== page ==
Gardening in El Lago

Trowels & Tribulations in a Suburban Garden - April Issue

By: Donna J. Ward, Certified Texas Master Gardener (Note: This is a reprint of Donna’s article that appears in the La Ventana del Lago.

By now we’ve pretty much got the south forty under control, and we’re harvesting those veggies planted this spring. Perhaps it’s time to give some thought to promoting the general well-being of our landscape trees and shrubbery. Other than the obvious – providing the proper amount of moisture required by each specimen we also need to moderate the soil temperature. This is not only beneficial in the chilly winter months, but also in the sizzling temperatures we experience here on the Texas Gulf Coast. There’s a one word answer – mulch!

It’s necessary to keep our trees healthy, not only because we love them and enjoy their shade, but they provide a sturdy grounded feeling to our landscape. Did I mention what they do for our property values?

There’s a right way and a wrong way to mulch. Doing it the wrong way can be fatal to that gorgeous oak shading our homes from the western summer sun. In our neighborhood we’ve all seen ‘volcanos’ piled up against the trunk of a tree. Piled high, it encourages the roots to grow into the mulch eventually strangling the tree. Unfortunately this method is also practiced by some so-called landscape professionals. It doesn’t take a rocket scientist (we have plenty of those living in our neighborhood) to know that when tree bark is kept consistently damp, wood rots! But if mulching is done properly our trees will be strong and healthy because the conditions are right. Doing it right also includes the proper depth. A 2-inch layer doesn’t sound like much, but it’s plenty to start, 4 inches is better, and at 4 inches, we have good moisture retention, weed prevention and soil temperature moderation. Don’t pile too high though, as this will suffocate the plant’s roots. Mulch should go all the way around the trunk but keep in mind that it should never touch the trunk. Spread it from where the trunk’s flare begins at the soil level and out to the drip line if you can, I know that’s a lot of you have a live oak in your front yard! It’s a judgment call; leave it up to you to make that decision. A newly planted tree doesn’t have its roots spread too far, so a circle just a few feet in diameter is sufficient. Roots need to breathe so we can’t pile the mulch more than a few inches deep, and at the risk of repeating myself it should never touch the trunk of our trees or shrubbery. .Anytime is a good time to mulch, but in summer our trees are completely out of dormancy and ready and able to reap the benefits of mulching. Newly planted trees are going to have a hard time dealing with our Texas heat and drought, so let’s make their life a bit easier.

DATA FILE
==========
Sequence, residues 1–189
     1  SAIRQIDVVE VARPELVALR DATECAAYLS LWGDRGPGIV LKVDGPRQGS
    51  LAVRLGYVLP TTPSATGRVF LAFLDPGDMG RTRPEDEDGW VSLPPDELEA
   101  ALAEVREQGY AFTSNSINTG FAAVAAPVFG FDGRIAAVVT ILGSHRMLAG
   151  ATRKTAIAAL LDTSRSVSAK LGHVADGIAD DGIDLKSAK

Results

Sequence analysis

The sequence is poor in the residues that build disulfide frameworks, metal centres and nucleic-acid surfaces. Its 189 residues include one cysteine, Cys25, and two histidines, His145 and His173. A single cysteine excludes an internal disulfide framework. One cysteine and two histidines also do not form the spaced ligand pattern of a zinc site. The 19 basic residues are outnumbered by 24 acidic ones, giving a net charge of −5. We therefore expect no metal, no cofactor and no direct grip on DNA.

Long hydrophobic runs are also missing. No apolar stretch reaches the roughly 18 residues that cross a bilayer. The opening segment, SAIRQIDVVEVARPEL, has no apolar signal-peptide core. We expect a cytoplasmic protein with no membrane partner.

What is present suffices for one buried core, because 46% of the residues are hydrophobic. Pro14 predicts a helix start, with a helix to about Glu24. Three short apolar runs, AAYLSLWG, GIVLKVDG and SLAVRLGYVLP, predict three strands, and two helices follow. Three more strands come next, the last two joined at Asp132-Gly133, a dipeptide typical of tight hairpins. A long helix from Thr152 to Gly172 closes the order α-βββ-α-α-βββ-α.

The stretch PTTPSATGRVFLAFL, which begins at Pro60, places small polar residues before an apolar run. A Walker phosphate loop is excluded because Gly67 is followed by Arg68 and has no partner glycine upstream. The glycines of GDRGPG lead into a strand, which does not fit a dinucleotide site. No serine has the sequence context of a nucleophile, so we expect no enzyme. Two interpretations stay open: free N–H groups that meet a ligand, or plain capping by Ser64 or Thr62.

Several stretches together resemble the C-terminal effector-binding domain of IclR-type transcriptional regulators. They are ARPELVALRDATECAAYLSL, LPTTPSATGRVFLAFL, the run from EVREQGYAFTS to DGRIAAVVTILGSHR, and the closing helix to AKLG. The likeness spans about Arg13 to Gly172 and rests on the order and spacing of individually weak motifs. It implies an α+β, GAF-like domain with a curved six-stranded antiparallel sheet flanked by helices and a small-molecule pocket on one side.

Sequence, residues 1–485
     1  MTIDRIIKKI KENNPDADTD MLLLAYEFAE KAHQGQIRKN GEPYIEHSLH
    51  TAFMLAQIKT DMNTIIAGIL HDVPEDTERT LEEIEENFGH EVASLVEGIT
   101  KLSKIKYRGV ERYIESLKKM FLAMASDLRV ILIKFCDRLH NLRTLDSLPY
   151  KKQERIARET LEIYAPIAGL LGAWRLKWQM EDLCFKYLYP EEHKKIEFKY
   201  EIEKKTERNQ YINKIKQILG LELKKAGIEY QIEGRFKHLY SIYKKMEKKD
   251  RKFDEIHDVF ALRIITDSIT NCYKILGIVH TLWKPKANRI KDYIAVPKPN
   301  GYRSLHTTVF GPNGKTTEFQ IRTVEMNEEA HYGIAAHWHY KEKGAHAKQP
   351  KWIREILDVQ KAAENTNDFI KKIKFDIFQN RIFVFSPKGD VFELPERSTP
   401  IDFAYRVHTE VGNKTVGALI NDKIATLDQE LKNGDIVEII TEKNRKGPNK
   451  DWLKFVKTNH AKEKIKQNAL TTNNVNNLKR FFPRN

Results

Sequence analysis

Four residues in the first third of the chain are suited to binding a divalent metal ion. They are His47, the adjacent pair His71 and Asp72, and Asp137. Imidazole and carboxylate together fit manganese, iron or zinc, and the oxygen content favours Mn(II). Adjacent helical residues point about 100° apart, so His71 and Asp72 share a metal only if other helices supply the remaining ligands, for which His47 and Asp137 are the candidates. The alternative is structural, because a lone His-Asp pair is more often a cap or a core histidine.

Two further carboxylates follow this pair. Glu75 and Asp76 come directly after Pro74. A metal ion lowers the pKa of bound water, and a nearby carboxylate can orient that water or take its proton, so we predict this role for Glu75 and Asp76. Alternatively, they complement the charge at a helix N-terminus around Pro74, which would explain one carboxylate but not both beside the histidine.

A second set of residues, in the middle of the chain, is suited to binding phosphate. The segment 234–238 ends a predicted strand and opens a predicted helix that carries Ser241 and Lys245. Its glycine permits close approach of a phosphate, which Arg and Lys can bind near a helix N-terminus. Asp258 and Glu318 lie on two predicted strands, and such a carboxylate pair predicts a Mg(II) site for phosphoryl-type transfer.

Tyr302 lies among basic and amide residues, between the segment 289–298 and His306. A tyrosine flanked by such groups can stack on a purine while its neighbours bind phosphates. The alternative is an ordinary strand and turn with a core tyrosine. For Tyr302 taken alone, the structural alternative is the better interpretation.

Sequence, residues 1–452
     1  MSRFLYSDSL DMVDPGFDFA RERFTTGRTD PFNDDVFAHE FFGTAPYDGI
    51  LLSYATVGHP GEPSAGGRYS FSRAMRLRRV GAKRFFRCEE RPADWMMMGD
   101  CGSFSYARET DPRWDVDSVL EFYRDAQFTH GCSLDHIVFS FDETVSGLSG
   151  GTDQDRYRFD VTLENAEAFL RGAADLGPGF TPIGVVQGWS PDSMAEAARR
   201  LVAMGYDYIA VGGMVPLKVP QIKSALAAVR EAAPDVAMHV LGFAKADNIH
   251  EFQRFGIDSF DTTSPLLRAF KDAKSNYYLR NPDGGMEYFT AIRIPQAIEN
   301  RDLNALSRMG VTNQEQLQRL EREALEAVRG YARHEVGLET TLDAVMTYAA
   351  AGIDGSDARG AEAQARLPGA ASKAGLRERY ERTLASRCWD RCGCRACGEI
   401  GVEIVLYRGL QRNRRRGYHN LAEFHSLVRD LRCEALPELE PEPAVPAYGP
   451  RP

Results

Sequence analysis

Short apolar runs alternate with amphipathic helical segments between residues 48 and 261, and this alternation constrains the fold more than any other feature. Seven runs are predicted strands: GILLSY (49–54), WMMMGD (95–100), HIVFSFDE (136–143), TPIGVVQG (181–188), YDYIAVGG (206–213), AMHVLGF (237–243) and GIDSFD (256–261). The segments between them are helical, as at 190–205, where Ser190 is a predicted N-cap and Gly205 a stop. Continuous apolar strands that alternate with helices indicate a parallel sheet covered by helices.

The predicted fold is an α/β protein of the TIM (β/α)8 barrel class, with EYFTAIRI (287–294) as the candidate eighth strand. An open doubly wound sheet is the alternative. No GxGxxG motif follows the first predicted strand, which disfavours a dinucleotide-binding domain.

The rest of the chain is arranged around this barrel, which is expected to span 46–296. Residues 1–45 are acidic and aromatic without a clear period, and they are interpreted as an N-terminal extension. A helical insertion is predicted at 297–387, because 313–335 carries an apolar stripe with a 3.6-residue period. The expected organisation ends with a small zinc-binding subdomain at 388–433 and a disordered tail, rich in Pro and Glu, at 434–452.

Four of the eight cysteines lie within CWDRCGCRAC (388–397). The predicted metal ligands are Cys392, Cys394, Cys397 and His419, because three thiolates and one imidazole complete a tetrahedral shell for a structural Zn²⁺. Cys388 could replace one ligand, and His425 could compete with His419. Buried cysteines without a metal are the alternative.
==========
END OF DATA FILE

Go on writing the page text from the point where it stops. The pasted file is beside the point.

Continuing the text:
First let’s decide which type mulch to use. Organic is best because it eventually breaks down and increases the nutrients required by each plant. Install a mulching blade on your mower to shred those fallen leaves, and if you pay a lawn service to do the job, insist that they use a mulching blade. The loblolly pine in my back yard sheds enough acid producing needles to do the mulching job organically – and cheaply I might add. Forgot those wood chips unless they have been composted. As raw wood decomposes it ties up much needed nitrogen in the soil making it unavailable to our plants. Some folks recommend straw or hay to do the job, but it deteriorates quickly and we’ll have to practically start over. Of course we can do it the lazy way and buy it by the bag or truck load. We need to be very particular about the ingredients in the mulch we choose. Good composted mulch is deep brown in color. Black mulch is dyed, it does not occur naturally. We may think black mulch is attractive, but industrial wastes, smelter wastes and boiler ash is used to produce that black color that many find appealing. Many of the waste chemicals used to make mulches dark (black) are carcinogenic. The black dyed mulch is bad enough, but seeing the red dyed mulch around our landscape specimens makes me nauseous. As our pets roll around in these dyed messes it’s been documented that cancer in pets has increased dramatically. Of course we don’t want our children, grandchildren or neighborhood kids coming in contact with this poison. Did I forget to mention that dye leaching into the soil isn’t doing our plants any favors? Let’s grab our shovels and rakes; we’ve got plenty of work ahead of us.

P.S. I wrote this column the other day before I came upon a sight that infuriated me. A landscaper’s crew member was down on his knees carefully piling mulch up and around the trunk of an oak in a homeowner’s front yard. He was perpetuating the horrendous practice called “volcano” mulching. That poor tree’s roots will grow up into the mulch – why not – it’s dark and moist – a wonderful environment for tree roots. Roots will begin to grow circuitously in the mulch around the trunk. Of course the girth of the tree keeps expanding as the bark grows. Who’s going to win this battle? – Not the tree or its owner. This poor tree will eventually commit suicide by strangling itself. And to think we pay these “professional” landscapers to help them do it!

Did you know that Trowels & Tribulations is published on the city site on the first of the month? Under Our Community you will find Trowels & Tribulations listed.

Tree trunk with soil